28 And the men of the city rose early in the morning, and behold, the altar of Baal was torn down, and the Asherah which was by it was cut down, and the second bull was offered up on the altar that was built. 29 And they said, each man to his neighbor, “Who has done this thing?” And they searched and sought and said, “Gideon son of Joash has done this thing.” 30 And the men of the city said to Joash, “Bring out your son, that he may die, because he has torn down the altar of Baal, and because he cut down the Asherah which was by it.”
When a false god is seen as the impotent nothing that it really is, its worshipers call for the blood of the one who exposed their god’s futility and weakness. The inhabitants of Gideon’s city somehow thought that by killing him Baal would appear to be strong again. The chief priests and scribes and others called for Jesus’ death supposing that if he were dead, then all the holes he showed in their false worship would somehow heal. To this day the world persecutes Christians in the vain hope that the truth will die with us. In short, idolaters always lash out at those who cast down their idol. But they always do so without gaining anything.
31 And Joash said to all who stood against him, “Will you contend for Baal? Or will you save him? He who will contend for him, let him die while it is still morning. If he is god, let him contend for himself, because he tore down his altar.” 32 And they called him on that day Jerubbaal, saying, “Let Baal contend against him, because he tore down his altar.”
Joash’s speech is very much like Gamaliel’s in Acts 5:34-39, in which Gamaliel urges the Sanhedrin not to do anything against the apostles. Insurrectionists have come and gone, and their followers have scattered; therefore, if the apostles were miscreants the same would happen to them and their movement. “But if it is from God,” Gamaliel says, “you will not be able to destroy them, lest you even be found fighting God.”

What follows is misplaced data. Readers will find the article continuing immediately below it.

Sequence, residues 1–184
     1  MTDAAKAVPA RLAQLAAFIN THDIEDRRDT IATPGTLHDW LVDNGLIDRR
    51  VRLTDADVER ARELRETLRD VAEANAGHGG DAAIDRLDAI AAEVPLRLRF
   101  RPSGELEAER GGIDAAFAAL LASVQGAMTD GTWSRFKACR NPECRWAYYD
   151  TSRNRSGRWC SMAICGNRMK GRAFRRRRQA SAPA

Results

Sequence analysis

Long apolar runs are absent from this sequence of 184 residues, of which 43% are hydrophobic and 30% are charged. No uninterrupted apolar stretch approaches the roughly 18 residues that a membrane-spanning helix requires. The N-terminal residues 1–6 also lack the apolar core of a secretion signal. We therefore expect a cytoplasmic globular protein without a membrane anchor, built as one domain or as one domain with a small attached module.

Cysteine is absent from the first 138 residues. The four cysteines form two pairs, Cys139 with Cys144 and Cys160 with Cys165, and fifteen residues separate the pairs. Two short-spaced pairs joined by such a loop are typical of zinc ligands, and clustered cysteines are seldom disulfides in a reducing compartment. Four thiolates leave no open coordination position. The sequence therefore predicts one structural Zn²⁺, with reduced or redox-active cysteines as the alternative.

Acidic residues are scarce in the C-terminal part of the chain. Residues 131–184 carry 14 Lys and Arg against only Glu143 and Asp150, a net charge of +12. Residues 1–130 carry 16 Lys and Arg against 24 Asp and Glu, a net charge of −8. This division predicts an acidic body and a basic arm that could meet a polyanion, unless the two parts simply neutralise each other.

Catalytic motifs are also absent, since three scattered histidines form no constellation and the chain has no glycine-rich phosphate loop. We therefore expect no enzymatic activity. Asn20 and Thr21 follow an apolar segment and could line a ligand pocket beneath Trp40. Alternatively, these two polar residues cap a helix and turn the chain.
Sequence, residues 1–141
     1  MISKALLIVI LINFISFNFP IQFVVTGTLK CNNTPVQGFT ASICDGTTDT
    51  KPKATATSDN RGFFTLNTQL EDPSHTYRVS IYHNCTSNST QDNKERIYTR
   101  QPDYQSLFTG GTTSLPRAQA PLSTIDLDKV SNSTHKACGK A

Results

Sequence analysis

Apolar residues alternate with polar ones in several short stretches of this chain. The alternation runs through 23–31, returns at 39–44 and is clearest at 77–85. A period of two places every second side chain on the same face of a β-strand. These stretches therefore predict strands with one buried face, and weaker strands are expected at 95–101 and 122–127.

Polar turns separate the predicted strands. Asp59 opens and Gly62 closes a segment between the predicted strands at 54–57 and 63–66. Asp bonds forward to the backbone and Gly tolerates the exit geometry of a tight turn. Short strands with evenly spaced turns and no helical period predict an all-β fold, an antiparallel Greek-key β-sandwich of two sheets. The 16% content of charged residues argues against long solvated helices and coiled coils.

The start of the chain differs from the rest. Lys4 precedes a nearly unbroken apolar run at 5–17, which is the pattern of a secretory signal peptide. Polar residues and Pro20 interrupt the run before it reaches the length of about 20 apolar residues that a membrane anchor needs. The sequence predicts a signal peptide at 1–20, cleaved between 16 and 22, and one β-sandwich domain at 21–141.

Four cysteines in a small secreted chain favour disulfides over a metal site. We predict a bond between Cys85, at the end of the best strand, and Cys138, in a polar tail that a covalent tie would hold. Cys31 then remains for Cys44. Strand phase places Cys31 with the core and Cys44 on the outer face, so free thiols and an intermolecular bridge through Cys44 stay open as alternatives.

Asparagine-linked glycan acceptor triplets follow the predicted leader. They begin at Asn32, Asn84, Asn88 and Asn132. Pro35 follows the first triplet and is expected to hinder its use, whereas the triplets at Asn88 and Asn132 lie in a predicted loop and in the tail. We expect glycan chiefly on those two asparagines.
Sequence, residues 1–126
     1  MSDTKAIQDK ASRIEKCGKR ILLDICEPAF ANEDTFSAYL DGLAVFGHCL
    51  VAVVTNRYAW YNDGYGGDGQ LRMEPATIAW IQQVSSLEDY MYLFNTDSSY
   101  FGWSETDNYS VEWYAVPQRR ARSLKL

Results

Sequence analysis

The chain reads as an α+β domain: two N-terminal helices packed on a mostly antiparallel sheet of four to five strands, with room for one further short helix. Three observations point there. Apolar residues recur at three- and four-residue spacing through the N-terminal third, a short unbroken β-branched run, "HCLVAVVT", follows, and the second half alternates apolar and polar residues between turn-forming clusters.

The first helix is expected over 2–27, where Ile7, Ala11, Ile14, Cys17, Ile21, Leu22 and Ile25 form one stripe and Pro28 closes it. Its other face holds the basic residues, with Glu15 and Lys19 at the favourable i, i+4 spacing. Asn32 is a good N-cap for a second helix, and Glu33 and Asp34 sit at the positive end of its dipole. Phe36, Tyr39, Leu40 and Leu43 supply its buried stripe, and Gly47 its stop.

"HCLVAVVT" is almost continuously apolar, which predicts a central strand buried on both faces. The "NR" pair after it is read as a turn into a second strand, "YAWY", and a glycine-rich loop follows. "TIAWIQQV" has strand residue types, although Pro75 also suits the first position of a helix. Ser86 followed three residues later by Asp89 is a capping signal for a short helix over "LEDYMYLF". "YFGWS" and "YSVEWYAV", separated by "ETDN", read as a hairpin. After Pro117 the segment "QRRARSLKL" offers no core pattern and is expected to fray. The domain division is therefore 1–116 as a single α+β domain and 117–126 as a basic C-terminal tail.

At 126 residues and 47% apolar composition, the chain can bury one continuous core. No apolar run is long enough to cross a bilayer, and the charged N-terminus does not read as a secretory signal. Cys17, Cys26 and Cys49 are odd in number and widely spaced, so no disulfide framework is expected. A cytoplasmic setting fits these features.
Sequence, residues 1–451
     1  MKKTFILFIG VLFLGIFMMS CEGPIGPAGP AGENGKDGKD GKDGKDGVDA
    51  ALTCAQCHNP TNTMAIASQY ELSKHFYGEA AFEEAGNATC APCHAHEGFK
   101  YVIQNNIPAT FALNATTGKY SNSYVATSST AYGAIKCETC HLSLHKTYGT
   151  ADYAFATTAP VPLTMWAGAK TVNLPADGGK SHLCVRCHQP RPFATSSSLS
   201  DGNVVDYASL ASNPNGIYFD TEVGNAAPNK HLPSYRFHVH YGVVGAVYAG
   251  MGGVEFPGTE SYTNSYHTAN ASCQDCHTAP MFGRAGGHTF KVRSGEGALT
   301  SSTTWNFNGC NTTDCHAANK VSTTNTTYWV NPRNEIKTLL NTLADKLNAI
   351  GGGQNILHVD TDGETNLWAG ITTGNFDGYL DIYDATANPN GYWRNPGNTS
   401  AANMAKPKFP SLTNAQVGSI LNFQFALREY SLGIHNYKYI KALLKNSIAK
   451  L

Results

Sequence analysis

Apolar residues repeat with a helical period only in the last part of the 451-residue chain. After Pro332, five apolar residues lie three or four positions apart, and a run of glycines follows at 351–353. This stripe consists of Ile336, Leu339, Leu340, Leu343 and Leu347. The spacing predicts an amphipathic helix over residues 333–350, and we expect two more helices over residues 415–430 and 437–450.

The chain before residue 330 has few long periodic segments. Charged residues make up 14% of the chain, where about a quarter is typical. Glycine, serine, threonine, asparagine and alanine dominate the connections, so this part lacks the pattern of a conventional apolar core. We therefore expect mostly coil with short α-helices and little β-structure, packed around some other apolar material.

Similarly, Joash argues that the matter should be left to god, albeit a false god. If Baal is indeed god, he can take care of himself. Whoever thinks that god depends on him, let that man be put to death! Joash is likely motivated by fatherly concern for his son. At the same time, he exposes the absurdity of idolatry. The idolater firmly believes that his god’s reputation and glory rests with him, as Demetrius the silversmith is concerned in Acts 19:27 about the magnificence of Artemis without stopping to think that if Artemis really is a goddess, she can see to her own magnificence. The idolater may bow down to an idol, but in truth, the idolater inevitably ends up thinking that he is god: he is responsible for the good name of the divinity, which is really his own name.
But see what freedom we Christians have? Our God actually does take care of himself, and sanctifies his holy name, and sees to us as well. He doesn’t need us to vindicate him or plead his cause, as if he were some weakling in need of a strong man to come to his aid. He’s the strong man, and we’re the weaklings! He takes care of us, not the other way around, thanks be to God.
The men of the city gave Gideon the name Jerubbaal: “Let Baal contend.” They cursed him by their false god, which did about as much as when Goliath cursed David by his gods (1 Sam. 17:43). An idol is nothing, and therefore being cursed by one is nothing.
“Cast ev’ry idol from its throne, For God is God, and He alone: To God all praise and glory!” (LSB 819:5).